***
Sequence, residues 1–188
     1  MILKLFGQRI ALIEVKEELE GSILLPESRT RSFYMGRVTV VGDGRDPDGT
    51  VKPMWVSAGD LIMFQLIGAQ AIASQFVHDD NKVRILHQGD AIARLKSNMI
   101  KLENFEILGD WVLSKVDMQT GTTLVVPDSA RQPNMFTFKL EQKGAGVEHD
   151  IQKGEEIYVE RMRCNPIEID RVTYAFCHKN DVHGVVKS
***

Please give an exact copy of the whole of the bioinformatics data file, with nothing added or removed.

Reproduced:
Sequence, residues 1–188
     1  MILKLFGQRI ALIEVKEELE GSILLPESRT RSFYMGRVTV VGDGRDPDGT
    51  VKPMWVSAGD LIMFQLIGAQ AIASQFVHDD NKVRILHQGD AIARLKSNMI
   101  KLENFEILGD WVLSKVDMQT GTTLVVPDSA RQPNMFTFKL EQKGAGVEHD
   151  IQKGEEIYVE RMRCNPIEID RVTYAFCHKN DVHGVVKS